Going, going, gong: Johnson lays out EU trade deal demands
Aubrey Allegretti, political reporter
© Other Boris Johnson struck a gong as the UK left the EU at 11pm on Friday. Pic: 10 Downing Street Boris Johnson will roll out the tough talk as he reveals his demands for a post-Brexit trade deal with the EU.
The prime minister is expected to say in his first speech since the UK left the bloc that he wants no alignment between the two sides.
That could mean full customs checks on goods crossing the border into Britain after continuity trade rules stop on 31 December 2020.
Despite the commitment, Mr Johnson will pledge that current standards on food hygiene, workers’ rights and environmental protections will not be lowered.
He is expected to declare on Monday that “no achievement lies beyond our reach” and repeat a pledge to simultaneously make progress on trade deals with other countries including the United States, Australia and Japan.
With the EU, he will announce plans to push for a Canada-style agreement that would scrap most tariffs on goods traded between the two countries while maintaining sovereignty.
But the prime minister will suggest if that does not fly then he will not give concessions to win greater market access and instead pursue a more limited Australia-style deal instead.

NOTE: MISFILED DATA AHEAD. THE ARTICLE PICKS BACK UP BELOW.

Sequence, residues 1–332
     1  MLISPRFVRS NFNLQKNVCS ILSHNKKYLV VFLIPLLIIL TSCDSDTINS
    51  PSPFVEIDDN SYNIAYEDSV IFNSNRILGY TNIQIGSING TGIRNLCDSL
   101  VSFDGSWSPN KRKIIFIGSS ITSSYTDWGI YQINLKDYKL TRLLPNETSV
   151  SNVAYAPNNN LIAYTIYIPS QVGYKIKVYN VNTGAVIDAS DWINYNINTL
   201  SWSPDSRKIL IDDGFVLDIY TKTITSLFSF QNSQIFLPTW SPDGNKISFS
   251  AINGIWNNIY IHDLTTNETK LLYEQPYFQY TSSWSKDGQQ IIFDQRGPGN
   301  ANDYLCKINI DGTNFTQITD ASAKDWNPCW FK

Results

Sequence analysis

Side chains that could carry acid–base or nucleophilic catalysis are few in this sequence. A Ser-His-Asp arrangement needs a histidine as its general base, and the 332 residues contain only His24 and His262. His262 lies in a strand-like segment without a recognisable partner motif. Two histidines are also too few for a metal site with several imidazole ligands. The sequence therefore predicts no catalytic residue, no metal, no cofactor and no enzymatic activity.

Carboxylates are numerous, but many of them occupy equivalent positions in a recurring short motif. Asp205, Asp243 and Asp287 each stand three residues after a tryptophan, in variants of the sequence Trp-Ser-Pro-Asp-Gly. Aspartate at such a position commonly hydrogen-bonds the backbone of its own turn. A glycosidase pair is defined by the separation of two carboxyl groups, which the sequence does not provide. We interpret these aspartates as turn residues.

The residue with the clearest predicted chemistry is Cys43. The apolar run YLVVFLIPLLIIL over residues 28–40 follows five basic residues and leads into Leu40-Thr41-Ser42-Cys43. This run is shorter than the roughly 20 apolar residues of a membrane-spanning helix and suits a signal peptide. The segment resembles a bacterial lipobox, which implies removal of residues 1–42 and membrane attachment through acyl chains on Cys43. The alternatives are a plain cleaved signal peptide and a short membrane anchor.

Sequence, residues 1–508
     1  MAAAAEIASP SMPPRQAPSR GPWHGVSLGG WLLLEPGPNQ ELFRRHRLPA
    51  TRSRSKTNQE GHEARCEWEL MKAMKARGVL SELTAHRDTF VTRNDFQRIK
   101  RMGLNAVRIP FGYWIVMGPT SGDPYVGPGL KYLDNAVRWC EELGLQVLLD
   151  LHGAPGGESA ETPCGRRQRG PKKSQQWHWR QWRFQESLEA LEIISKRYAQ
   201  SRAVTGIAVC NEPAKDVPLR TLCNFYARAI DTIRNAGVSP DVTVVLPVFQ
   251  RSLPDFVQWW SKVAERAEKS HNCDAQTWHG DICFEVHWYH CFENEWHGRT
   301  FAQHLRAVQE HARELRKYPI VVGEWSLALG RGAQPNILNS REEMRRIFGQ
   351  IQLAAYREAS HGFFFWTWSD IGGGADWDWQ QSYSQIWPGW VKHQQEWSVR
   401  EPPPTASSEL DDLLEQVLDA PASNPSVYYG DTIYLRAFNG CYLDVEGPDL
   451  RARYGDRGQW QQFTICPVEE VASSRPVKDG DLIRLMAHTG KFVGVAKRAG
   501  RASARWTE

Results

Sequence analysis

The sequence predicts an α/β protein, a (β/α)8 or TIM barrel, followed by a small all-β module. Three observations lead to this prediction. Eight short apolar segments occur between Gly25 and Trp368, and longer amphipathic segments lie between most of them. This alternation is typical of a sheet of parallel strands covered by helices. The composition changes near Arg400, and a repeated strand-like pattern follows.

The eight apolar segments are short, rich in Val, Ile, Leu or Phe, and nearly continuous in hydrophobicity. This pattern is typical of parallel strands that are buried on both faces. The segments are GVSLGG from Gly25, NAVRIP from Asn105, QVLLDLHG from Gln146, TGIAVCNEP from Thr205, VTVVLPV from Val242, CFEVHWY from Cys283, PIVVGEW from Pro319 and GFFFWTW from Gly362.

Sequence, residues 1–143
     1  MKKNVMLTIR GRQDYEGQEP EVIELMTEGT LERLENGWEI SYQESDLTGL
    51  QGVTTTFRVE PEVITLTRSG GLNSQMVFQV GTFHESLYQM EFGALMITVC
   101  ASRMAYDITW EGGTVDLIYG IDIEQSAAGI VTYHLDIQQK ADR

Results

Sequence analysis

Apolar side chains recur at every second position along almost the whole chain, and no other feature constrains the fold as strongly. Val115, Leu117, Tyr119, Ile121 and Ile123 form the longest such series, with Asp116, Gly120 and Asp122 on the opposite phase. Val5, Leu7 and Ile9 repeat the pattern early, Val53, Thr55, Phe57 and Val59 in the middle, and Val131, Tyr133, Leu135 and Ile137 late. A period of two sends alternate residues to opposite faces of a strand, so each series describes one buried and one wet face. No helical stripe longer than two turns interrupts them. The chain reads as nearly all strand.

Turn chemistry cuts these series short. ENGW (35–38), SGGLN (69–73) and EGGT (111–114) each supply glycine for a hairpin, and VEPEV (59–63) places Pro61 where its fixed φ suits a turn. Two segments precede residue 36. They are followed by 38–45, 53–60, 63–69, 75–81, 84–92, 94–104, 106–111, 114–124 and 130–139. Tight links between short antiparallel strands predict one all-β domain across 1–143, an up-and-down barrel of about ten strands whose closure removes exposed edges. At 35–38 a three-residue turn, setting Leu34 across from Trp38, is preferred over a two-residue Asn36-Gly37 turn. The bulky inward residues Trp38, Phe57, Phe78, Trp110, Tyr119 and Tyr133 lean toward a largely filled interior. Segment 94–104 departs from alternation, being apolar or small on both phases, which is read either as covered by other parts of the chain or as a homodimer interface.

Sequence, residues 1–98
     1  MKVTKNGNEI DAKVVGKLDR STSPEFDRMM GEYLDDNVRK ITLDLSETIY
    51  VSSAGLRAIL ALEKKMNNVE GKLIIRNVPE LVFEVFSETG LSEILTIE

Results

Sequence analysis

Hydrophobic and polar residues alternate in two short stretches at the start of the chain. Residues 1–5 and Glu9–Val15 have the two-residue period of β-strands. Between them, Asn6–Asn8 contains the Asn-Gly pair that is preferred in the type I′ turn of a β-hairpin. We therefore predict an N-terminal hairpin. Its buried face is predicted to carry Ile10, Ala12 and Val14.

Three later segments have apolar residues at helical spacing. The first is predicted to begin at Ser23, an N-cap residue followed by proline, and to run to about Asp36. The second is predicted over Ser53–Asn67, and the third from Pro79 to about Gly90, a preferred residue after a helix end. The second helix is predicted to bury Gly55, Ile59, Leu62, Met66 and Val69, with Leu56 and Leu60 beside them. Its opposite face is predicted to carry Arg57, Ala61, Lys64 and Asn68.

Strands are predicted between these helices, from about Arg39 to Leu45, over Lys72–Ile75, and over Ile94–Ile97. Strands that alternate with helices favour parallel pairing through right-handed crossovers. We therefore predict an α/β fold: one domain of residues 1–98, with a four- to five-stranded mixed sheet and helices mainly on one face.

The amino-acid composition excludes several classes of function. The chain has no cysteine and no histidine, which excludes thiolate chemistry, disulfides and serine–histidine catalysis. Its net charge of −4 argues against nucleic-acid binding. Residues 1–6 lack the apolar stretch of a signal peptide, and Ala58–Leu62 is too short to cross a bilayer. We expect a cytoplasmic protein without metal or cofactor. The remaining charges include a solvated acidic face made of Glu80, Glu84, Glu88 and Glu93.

A Downing Street source said: “We are fully independent and our approach to a free trade deal will not be bound by our previous obligations.
“Nor will we agree to obligations which the EU has not required of other countries which it has signed comparable free trade deals with.”
As Mr Johnson makes his speech on Monday, Brussels will also publish its negotiating mandate for the next stage of talks which will last up to 11 months.
The EU is pessimistic about the short timetable for reaching a deal and made clear that Britain will have to accept worse terms and conditions for trade than if it were still a member of the EU.
European Commission president Ursula von der Leyen said: “We want to have the best possible relationship with the United Kingdom, but it will never be as good as membership.”
The UK left the EU on Friday and is now in a “transition period” where it remains in the single market and customs union, follows EU law and continues paying into its budget.
This will end on 31 December 2020.